Castro resigns: Now what?

Reporter: John Bachman

It's the moment many Cuban Americans have been waiting for for 50 years. President Fidel Castro says he's stepping down permanently.

But some experts on Cuba say the big announcement won't necessarily mean big changes. The reaction among Cuban Americans to the announcement made Tuesday was mixed - some celebrated while some remained muted. That's because, as one college professor put it, Tuesday's announcement may be more symbolic than historic.

Professor Luis Duno-Gottberg is not Cuban, but he teaches about the country everyday and has been studying it for most of his career. He says Tuesday's announcement that Fidel Castro is - once and for all - giving up his power might actually be a disappointment to some Cuban- Americans. "I think, in symbolic terms, it is a defeat for all of those who wanted that dynamic moment, you know, that won't happen."

Tuesday's announcement came with little drama, no trial for human rights violations, no prison time, no celebrations in the street. Duno-Gottberg says the transfer of power has been in the works for a year and a half when Castro first temporarily stepped aside because of his health.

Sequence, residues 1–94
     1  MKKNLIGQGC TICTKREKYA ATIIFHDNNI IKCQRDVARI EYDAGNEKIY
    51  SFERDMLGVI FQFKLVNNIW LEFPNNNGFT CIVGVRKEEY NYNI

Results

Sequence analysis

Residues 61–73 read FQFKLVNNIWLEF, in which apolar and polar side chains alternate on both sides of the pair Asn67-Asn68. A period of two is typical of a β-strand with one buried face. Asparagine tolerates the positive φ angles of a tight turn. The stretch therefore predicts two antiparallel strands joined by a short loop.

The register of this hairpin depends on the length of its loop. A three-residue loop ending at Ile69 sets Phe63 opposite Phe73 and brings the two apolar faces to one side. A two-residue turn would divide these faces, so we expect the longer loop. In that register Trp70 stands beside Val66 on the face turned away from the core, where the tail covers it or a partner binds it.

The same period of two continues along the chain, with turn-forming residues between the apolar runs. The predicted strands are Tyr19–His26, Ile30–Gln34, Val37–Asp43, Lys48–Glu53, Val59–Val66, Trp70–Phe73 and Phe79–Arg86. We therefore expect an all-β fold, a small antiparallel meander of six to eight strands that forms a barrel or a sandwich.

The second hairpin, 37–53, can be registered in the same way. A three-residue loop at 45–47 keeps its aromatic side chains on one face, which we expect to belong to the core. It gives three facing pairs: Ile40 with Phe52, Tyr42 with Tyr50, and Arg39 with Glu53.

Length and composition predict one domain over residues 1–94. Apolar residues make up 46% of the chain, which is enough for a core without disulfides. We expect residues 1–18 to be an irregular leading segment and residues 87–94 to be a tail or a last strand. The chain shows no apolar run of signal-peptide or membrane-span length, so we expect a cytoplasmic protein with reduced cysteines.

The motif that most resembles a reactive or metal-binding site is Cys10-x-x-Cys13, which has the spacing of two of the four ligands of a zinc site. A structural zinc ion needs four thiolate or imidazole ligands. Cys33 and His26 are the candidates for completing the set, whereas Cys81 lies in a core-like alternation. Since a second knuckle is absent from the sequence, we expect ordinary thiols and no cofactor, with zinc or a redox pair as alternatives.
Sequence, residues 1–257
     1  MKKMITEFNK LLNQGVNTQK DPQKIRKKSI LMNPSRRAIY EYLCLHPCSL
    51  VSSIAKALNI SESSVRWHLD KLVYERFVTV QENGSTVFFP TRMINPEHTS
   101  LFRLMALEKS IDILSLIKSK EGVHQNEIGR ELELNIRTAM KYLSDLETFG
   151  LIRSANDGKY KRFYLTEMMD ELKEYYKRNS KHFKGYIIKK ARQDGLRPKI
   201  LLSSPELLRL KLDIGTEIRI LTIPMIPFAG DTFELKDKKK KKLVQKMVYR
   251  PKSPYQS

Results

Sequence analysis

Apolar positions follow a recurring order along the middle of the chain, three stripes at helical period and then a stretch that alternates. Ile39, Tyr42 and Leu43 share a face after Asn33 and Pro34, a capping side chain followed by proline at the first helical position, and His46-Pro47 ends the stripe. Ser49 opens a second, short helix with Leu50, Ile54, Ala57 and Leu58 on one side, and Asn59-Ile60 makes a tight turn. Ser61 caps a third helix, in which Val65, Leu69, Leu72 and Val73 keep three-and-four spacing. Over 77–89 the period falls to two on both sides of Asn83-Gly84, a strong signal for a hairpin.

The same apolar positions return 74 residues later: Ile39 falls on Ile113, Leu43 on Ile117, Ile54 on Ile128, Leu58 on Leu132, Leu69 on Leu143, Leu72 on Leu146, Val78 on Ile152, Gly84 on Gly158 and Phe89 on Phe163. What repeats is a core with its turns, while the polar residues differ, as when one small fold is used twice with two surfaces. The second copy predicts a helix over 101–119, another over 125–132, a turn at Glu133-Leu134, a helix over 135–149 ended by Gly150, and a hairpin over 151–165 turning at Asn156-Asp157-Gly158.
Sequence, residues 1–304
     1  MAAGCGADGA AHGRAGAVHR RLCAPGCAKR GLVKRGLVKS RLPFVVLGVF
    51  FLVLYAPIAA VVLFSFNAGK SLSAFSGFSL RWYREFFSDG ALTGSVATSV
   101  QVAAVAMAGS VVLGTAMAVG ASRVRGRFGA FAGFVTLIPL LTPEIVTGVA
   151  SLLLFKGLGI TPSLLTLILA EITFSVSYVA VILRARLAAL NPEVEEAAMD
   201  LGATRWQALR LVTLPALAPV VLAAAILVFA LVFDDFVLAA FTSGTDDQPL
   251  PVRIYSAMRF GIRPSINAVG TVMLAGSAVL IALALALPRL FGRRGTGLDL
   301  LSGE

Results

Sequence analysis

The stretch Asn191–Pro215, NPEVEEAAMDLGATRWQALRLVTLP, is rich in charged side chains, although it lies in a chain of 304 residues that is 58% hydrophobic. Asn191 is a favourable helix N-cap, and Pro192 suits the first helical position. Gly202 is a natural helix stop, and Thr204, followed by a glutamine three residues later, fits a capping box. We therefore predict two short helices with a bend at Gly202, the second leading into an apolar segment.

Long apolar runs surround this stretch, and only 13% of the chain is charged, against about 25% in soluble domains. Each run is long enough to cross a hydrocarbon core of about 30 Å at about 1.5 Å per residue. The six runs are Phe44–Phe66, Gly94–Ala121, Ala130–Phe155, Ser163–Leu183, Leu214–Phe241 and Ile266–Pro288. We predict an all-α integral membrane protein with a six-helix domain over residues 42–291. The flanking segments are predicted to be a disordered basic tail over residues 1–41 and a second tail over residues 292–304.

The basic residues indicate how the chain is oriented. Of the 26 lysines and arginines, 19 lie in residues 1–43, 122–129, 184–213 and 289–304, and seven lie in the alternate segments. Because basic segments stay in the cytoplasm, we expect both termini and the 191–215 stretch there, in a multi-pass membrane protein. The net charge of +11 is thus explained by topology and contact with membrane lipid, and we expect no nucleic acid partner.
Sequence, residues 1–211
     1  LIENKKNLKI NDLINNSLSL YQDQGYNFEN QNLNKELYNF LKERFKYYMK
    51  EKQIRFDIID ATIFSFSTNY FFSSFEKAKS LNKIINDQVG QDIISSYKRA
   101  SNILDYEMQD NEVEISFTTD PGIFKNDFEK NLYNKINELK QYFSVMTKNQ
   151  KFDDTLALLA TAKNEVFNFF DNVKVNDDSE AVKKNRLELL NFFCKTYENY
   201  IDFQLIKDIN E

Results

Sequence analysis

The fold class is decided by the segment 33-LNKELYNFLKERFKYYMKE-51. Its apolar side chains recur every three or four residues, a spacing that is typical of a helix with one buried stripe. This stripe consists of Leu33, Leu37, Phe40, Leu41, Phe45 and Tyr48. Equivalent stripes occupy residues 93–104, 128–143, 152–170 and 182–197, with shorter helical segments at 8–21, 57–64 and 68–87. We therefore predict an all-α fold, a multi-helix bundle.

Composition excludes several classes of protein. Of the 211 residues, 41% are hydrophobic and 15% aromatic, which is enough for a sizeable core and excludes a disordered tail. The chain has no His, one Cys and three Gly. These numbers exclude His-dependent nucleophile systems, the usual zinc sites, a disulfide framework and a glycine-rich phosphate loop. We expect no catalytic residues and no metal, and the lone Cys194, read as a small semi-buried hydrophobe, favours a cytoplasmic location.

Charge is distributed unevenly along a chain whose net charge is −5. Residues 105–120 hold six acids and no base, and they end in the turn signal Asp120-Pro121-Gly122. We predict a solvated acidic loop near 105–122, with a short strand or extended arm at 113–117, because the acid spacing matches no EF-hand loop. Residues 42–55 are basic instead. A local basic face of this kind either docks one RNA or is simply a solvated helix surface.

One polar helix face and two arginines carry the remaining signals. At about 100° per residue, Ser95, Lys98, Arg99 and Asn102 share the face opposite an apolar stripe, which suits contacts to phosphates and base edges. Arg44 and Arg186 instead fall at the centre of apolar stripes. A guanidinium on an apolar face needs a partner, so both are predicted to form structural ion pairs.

But Cuban waitress Yeilis Canazares disagrees. "I think that this moment is the most important because we now know the change is permanent."

And Evasio Huerta says the announcement is a good thing because there will be a change with more freedom. He spent 12 years in prison as a Cuban dissident and says he didn't think Castro would leave office so quietly.

But Duno-Gottberg says if the transition is quiet, it might be the best way for the people of Cuba to gain democracy. "But I don't think it's all that negative. It's a progression, and that it builds on the work of the people in Cuba."

Former U.S. Senator and Cuban American Mel Martinez said "Today [Tuesday], I am cautiously optimistic for the people of Cuba. We must remember that optimistic for the people of Cuba. We must remember that Fidel Castro has resigned from a position he was never elected to in the first place."

Local Cuban Americans are hopeful about Tuesday's announcement, but many are doubtful that much will change. "I just think anything is better than Castro, and we've been looking forward to this day for a long time," says Robert Gonzalez.

"I think it basically is more of the same," adds Manny Zapata.

The owner of the Havana restaurant in West Palm Beach told us he moved from Cuba 40 years ago and hasn't gone back since. He says anyone who goes to Cuba is giving money to Castro's regime.